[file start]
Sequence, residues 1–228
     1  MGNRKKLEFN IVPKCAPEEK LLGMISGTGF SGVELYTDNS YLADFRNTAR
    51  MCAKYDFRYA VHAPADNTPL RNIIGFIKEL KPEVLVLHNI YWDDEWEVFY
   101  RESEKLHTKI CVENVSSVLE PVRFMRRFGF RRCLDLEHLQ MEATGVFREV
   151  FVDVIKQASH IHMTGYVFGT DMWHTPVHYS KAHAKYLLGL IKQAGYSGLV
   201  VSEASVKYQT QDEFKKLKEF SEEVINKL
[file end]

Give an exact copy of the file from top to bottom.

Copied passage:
Sequence, residues 1–228
     1  MGNRKKLEFN IVPKCAPEEK LLGMISGTGF SGVELYTDNS YLADFRNTAR
    51  MCAKYDFRYA VHAPADNTPL RNIIGFIKEL KPEVLVLHNI YWDDEWEVFY
   101  RESEKLHTKI CVENVSSVLE PVRFMRRFGF RRCLDLEHLQ MEATGVFREV
   151  FVDVIKQASH IHMTGYVFGT DMWHTPVHYS KAHAKYLLGL IKQAGYSGLV
   201  VSEASVKYQT QDEFKKLKEF SEEVINKL